I didn't used to feel this way; I wrote many blog posts somewhat akin to yours, but now having explored religious life and knowing I'm not called to marriage (unless God surprises me in a really big way), I can't say that the Single life *alone* is a vocation. There has to be an anchor of some sort. And that's perhaps what I'm discerning now. If I am indeed called to be single...what does God want me to do with that? What specific thing is He calling me to, and does that mean I'll be preparing to make a private vow of celibacy (which is canonically binding.)
As an aside, here is an interesting factoid for you: Canonically, there is only ONE of the three I mentioned that is actually a Vocation. If you look in Canon Law, it uses the word "Vocation" ONLY in reference to....the Priesthood. Not Marriage, not Consecrated Life.
Interesting, isn't it?
God bless, and thanks for your support of single people. As it isn't dogma it is something that is always being discussed in the Church, but in the context of "Vocation" we have to take care not to mislead in any way what the Church DOES teach about it.
Well, I hope to heck (being good here) that you're wrong. :) I see your point and there are some beautiful examples of it amongst Christian women I have read about, but to me, if that is my calling, then why does my heart ache every single day? If that is my calling, why was I created with ... er, lady parts and hormones? If that is my calling, and actually, I don't believe you're necessarily saying that it is, you're just suggesting a possiblity, then why must I ever fall in love and suffer the pain of loss over and over again? If that is my calling, then if God would please have some freaking mercy on me and take away the desire for anything else, that would be immensely helpful. :-) But, I hadn't thought of this perspective. I will think on it.ReplyDelete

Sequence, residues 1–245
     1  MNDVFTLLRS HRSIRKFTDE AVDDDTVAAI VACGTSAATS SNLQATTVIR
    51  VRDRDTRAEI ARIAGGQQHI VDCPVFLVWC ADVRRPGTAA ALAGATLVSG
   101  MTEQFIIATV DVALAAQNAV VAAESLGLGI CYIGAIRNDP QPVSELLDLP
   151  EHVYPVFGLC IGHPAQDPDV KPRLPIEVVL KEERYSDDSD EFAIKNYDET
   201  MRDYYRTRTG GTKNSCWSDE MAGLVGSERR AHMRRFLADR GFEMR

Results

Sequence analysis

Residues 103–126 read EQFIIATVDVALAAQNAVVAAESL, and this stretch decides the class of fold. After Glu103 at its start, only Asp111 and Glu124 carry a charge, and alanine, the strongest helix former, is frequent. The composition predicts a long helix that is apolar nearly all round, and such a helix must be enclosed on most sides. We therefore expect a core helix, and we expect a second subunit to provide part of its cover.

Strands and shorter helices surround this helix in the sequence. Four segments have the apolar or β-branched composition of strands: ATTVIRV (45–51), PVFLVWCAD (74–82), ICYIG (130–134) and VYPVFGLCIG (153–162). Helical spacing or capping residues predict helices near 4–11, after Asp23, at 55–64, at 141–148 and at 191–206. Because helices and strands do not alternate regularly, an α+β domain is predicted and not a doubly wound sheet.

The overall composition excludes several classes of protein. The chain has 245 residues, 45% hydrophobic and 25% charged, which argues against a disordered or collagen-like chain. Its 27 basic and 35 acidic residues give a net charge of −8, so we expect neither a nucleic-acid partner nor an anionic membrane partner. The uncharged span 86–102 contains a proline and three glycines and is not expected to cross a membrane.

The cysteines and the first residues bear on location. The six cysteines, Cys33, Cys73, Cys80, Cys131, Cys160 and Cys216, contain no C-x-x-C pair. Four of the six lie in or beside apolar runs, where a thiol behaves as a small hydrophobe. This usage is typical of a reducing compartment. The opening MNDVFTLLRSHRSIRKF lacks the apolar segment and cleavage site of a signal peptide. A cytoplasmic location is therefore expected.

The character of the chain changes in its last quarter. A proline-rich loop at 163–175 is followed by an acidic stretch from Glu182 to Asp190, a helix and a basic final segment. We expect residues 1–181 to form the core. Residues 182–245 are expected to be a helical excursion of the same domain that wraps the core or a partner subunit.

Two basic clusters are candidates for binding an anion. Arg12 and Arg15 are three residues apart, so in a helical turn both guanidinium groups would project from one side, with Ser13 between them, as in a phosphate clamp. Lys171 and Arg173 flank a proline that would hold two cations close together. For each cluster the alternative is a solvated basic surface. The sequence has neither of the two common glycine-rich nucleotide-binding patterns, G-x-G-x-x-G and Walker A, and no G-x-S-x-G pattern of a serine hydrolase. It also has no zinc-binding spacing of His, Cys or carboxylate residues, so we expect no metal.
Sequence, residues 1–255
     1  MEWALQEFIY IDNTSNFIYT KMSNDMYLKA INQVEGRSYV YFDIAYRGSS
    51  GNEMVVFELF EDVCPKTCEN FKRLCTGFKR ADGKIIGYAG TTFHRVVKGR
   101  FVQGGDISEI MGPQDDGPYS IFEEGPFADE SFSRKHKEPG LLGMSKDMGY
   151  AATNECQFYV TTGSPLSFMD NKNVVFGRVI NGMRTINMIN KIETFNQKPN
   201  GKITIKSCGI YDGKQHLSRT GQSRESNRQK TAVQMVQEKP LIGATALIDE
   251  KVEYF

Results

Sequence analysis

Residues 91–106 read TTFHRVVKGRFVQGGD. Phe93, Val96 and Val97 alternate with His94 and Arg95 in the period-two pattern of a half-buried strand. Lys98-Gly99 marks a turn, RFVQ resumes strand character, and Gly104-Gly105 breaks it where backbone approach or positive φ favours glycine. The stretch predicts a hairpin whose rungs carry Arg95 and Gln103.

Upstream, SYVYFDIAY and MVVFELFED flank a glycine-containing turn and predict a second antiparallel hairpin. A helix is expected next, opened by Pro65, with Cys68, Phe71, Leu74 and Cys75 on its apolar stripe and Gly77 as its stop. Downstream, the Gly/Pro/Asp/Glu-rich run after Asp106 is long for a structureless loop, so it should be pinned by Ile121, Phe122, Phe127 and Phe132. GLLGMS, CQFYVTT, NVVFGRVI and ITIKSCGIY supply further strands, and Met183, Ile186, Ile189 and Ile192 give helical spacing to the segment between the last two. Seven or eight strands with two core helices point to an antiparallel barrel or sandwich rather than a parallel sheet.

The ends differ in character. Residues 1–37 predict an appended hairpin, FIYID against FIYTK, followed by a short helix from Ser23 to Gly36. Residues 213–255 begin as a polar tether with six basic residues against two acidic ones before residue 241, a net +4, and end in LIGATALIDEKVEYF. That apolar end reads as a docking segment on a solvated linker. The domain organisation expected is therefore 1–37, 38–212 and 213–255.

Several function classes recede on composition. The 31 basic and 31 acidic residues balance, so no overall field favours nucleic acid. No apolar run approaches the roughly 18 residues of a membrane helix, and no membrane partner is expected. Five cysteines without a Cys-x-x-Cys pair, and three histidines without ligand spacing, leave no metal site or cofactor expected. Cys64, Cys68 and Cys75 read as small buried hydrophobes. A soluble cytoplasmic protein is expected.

Wow, I never realized how many people would be against the single life being a vocation. No vocation is easy- there are always crosses to bear. What about those people who choose marriage as a vocation and their spouse dies? That marital bond is broken so are they then forced to choose to marry again just to have a "vocation" that means something? How about a woman who never married but had children? Of course her vocation is mother, but since that isn't one of the "Three" does that not count? I don't think vocations are purely black and white.ReplyDelete
Marie, Thank you very much for your kind words.ReplyDelete
Adoro---those are some interesting things you brought up. Thanks for making me think. :-) and God bless you in your discernment.
Robin, obviously I had you in mind when I wrote this. The main point that I was trying to get across is that we need to asks ourselves what does God want of me. Sometimes he blesses us with struggles that in order to makes us stronger. I hope and pray for your happiness.
Maggie, I was also thinking of you as we've had some interesting theology on tap discussions over this issue.
Haha, Ryan has been burning what we recorded at the family reunion to DVD's and there was a little snippet of our discussion. You could see the fire in my eyes as I was trying to defend my point, haha. Everyone here has great points, I just wanted to add my two cents! God bless y'all!ReplyDelete
Maggie ~ You're missing the point. You're misunderstanding what Vocation is about. Remember there is sin in the world, and through sin, children are born to parents who are not married. The children are still willed by God and the sin is not theirs, so don't get the issue of sex mixed up with the topic of Vocation.ReplyDelete
Yes, those who have children are called to motherhood, whether it was God's original Call for them or not. (For example, it could be that I'm suffering so much because originally God intended me to be a Consecrated Virgin. Uh...through my own sin, not an option.)